Johnson pitches way into potential callup conversation

Another sharp outing has prospect among options to start for Boston if injury occurs

Johnson pitches way into potential callup conversation

JUPITER, Fla. -- Brian Johnson, meet Giancarlo Stanton.

Much like everything else in his first Major League Spring Training, Johnson was unfazed by facing perhaps the most feared hitter in the game. In their first encounter, Johnson induced Stanton into a grounder to short. And in the third inning, the lefty struck out Stanton swinging on a sweet 75-mph curve.

"I've never seen him before, other than on TV," said Johnson. "He's a huge presence in the box; I didn't realize how tall he was. Other than that, I just tried not to put too much into that. Whatever [catcher Blake] Swihart put down was what I wanted to go with, and I just stayed locked in on the mitt."

Johnson won't break camp with the Red Sox, but he has emerged into a strong candidate to be called on for a spot start or two at some point in the near future.

Earlier in camp, manager John Farrell talked about trying to get a handle on a preferred order for depth starters if one of the regular rotation members suffers an injury. Knuckleballer Steven Wright and Johnson are the two who have clearly emerged from the pack.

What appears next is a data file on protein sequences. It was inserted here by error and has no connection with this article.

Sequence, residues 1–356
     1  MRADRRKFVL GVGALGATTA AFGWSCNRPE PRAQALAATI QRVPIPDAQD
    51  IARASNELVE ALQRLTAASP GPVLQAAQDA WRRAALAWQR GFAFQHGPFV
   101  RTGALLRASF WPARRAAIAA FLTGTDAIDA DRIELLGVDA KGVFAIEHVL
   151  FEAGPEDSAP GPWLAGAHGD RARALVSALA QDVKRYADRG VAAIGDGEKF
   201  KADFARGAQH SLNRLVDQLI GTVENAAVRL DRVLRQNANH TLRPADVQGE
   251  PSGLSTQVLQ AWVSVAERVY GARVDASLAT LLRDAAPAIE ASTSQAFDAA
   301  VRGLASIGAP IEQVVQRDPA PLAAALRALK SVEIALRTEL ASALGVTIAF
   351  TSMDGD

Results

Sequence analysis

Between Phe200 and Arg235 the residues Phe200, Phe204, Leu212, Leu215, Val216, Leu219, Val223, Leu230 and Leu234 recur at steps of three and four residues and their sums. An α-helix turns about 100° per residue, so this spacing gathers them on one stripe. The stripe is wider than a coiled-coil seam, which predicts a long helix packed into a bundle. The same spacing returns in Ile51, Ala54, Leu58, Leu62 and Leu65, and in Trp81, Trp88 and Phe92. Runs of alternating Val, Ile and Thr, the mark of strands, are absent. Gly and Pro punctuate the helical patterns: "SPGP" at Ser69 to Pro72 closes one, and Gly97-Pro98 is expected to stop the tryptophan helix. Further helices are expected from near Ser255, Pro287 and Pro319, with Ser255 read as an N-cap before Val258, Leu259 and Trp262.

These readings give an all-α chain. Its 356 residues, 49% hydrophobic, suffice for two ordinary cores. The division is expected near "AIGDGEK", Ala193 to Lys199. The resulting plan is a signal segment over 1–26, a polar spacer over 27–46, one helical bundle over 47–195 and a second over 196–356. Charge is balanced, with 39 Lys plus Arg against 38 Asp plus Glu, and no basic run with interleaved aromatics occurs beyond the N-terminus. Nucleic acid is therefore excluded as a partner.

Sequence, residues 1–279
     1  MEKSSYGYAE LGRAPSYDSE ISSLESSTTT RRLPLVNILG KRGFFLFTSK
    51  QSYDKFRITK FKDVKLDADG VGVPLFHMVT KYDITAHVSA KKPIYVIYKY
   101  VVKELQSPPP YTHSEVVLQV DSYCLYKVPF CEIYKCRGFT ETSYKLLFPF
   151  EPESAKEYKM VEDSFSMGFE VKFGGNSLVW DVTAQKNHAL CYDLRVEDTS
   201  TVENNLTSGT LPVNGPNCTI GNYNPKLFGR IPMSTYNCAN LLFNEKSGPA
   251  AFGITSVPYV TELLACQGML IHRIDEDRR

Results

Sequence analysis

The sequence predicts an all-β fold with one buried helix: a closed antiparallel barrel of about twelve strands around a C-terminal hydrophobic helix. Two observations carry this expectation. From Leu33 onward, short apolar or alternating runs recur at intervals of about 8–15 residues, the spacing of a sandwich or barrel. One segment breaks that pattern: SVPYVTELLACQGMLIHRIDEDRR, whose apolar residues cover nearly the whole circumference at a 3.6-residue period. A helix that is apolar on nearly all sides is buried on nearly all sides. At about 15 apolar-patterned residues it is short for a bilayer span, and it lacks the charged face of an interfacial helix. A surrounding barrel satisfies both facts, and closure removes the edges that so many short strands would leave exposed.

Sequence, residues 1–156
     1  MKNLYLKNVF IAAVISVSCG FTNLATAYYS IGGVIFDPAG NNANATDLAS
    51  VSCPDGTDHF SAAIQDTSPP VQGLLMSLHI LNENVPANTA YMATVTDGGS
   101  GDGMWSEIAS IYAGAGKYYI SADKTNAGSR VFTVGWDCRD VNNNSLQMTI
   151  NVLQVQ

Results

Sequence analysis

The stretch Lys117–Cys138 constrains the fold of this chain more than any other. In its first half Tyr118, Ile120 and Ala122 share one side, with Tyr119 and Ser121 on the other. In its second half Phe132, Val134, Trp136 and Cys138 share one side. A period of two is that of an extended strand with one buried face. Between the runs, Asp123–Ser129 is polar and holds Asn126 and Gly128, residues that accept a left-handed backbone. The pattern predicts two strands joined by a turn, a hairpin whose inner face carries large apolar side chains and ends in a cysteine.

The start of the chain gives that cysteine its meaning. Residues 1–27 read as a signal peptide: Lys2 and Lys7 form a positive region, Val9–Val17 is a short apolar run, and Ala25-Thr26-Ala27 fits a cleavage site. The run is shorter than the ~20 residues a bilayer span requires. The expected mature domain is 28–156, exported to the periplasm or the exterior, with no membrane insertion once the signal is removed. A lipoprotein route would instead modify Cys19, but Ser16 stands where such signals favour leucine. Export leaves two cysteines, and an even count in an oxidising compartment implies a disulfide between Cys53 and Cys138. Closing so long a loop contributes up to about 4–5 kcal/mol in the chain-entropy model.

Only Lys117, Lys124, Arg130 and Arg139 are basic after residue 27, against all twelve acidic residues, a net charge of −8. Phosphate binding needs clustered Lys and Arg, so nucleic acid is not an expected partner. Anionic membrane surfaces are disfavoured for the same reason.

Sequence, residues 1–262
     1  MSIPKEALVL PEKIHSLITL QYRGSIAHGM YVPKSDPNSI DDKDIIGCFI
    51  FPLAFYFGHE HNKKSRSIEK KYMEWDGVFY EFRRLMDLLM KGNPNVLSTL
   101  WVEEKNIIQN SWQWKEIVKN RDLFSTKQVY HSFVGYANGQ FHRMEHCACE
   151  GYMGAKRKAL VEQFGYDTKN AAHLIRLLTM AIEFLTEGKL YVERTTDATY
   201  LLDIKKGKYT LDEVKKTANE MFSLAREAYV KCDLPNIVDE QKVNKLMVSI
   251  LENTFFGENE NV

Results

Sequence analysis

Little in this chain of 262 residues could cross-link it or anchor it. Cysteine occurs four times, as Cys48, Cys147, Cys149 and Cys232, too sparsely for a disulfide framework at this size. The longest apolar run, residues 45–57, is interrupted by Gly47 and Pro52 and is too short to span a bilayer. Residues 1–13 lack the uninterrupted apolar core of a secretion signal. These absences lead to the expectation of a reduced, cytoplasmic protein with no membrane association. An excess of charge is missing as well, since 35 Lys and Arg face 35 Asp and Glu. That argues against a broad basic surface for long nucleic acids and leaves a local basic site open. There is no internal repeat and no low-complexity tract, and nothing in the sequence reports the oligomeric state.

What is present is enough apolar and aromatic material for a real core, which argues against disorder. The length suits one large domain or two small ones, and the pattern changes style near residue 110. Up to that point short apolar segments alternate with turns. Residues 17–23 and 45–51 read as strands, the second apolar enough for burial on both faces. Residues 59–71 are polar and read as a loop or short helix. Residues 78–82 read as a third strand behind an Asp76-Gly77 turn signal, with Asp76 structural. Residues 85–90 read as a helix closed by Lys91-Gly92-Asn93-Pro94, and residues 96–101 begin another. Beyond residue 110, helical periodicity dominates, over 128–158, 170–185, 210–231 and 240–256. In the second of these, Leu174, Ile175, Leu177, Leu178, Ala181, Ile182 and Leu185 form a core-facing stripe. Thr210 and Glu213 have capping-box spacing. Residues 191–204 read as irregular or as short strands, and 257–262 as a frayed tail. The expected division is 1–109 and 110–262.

"Honestly, I just try to go out there and make my presence felt," Johnson said. "Just go out there and do the best I can, and at that given point in time, hopefully it works out. I try to work as hard as I can on my five days and what leads up with that."

Johnson, a supplemental pick (31st overall) in the 2012 First-Year Player Draft, has impressed the Red Sox with his pace and command.

"I thought he threw the ball as good as he has in previous outings," said Farrell. "An occasional four-pitch walk, but he was able to get a ground-ball double play. He shows three very good pitches for strikes. The breaking ball curveball is what he continues to show increased sharpness and depth to it. I thought it was a solid outing for him today."

Over 3 2/3 innings, Johnson gave up one hit and one run while walking three and striking out five, lowering his Grapefruit League ERA to 2.38.

"He's been impressive with the strike-throwing ability, the overall stuff, the action to his breaking ball," said Farrell. "He's been impressive in Spring Training."

Things haven't gone as well for Henry Owens, who's ranked fourth among lefty pitching prospects by Pitching in relief against the Marlins, Owens was rocked for six runs (four earned) on four hits and a walk over 1 1/3 innings.

"Well, he didn't command the count, particularly in the second inning of work," said Farrell. "I thought they laid off some changes that otherwise he might have been accustomed to getting swings at some lower levels. He's not accustomed to coming into the bullpen late in the game.

"At some point we have to get him back to his normal routine and start to stretch him out. I think the experience against big league hitters has been invaluable for him, and just an indication that there's still some work to be done here."

Ian Browne is a reporter for This story was not subject to the approval of Major League Baseball or its clubs.